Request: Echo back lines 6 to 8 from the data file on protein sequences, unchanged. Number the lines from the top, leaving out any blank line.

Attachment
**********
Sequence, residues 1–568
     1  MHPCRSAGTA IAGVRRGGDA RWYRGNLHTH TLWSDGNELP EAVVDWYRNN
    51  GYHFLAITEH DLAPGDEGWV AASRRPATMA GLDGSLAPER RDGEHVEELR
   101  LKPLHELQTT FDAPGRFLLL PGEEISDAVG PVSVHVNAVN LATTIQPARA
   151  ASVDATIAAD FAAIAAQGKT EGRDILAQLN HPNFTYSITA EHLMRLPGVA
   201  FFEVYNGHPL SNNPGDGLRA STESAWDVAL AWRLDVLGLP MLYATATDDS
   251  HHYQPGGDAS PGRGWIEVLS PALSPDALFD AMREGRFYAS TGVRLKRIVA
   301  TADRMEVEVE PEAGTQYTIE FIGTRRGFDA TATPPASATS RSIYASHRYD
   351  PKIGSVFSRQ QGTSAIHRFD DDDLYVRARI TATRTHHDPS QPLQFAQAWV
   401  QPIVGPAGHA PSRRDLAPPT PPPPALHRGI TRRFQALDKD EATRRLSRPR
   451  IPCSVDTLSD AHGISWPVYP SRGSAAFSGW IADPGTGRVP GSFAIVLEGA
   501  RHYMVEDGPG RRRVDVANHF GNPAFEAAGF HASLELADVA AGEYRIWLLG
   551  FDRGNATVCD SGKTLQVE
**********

   201  FFEVYNGHPL SNNPGDGLRA STESAWDVAL AWRLDVLGLP MLYATATDDS
   251  HHYQPGGDAS PGRGWIEVLS PALSPDALFD AMREGRFYAS TGVRLKRIVA
   301  TADRMEVEVE PEAGTQYTIE FIGTRRGFDA TATPPASATS RSIYASHRYD